Development of emotion regulation across the first two years of college.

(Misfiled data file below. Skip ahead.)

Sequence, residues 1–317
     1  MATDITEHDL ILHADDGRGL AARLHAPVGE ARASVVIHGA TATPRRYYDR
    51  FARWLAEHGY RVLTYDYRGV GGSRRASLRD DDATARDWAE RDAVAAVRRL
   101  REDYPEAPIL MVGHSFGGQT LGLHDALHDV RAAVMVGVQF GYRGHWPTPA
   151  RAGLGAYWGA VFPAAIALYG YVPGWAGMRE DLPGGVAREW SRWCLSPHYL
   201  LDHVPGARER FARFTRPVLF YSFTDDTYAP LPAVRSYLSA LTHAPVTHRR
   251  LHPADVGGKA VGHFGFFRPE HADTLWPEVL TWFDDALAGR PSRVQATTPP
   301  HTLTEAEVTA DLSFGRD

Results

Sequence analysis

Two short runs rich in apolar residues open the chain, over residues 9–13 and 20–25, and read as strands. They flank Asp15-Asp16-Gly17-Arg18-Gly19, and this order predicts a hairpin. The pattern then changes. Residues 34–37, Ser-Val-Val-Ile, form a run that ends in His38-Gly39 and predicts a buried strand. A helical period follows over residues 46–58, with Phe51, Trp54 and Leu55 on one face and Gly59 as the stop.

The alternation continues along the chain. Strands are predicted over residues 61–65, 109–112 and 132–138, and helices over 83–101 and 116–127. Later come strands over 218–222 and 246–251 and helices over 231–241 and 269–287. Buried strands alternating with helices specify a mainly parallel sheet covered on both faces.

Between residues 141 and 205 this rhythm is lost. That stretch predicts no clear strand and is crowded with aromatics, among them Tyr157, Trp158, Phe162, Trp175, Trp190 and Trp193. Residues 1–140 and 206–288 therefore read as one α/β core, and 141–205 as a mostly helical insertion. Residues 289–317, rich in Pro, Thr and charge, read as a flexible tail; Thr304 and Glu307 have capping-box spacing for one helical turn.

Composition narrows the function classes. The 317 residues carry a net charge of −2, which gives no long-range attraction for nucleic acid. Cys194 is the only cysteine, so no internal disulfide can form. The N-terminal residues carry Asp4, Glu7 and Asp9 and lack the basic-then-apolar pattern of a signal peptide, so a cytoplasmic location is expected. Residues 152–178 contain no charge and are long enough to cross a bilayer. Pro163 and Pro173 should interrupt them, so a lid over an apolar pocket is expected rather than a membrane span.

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INTRODUCTION: Emotion regulation is thought to develop substantially from late adolescence into early adulthood; further, the rate of development purportedly varies based on personal and contextual characteristics. However, little research has explicitly documented this maturation in young adulthood or identified its determinants. We aimed to (1) characterize how adaptive (positive reappraisal, emotional social support-seeking) and maladaptive (suppression, substance use coping) emotion regulation strategies changed over time and (2) predict change in each strategy based on baseline personal, social, and motivational characteristics. METHODS: We followed a sample of 1578 students entering university in the northeastern United States across their first two years, assessing them four times. RESULTS: As expected, social support-seeking increased and suppression decreased. However, contrary to expectations, cognitive reappraisal declined over time while substance use coping increased. Women generally used more adaptive emotion regulation strategies than did men; social engagement and connection and eudaimonic well-being were generally predictive of using more adaptive coping over time. CONCLUSIONS: Overall, students did not consistently demonstrate maturation to more adaptive emotion regulation and in fact exhibited decrements over the first two years of college. Students' baseline characteristics accounted for substantial degrees of change in emotion regulation. These findings suggest potentially fruitful directions for interventions to assist college students in developing more adaptive emotion regulation skills.